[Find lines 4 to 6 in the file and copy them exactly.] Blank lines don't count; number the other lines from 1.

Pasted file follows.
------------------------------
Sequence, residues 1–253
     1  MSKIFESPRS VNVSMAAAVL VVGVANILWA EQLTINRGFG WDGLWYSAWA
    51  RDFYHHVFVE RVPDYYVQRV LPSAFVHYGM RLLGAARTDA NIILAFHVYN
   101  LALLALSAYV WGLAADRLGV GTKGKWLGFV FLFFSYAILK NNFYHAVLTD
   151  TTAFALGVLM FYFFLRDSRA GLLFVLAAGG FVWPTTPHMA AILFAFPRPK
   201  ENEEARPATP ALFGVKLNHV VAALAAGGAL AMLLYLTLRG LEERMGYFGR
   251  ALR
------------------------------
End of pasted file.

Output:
   101  LALLALSAYV WGLAADRLGV GTKGKWLGFV FLFFSYAILK NNFYHAVLTD
   151  TTAFALGVLM FYFFLRDSRA GLLFVLAAGG FVWPTTPHMA AILFAFPRPK
   201  ENEEARPATP ALFGVKLNHV VAALAAGGAL AMLLYLTLRG LEERMGYFGR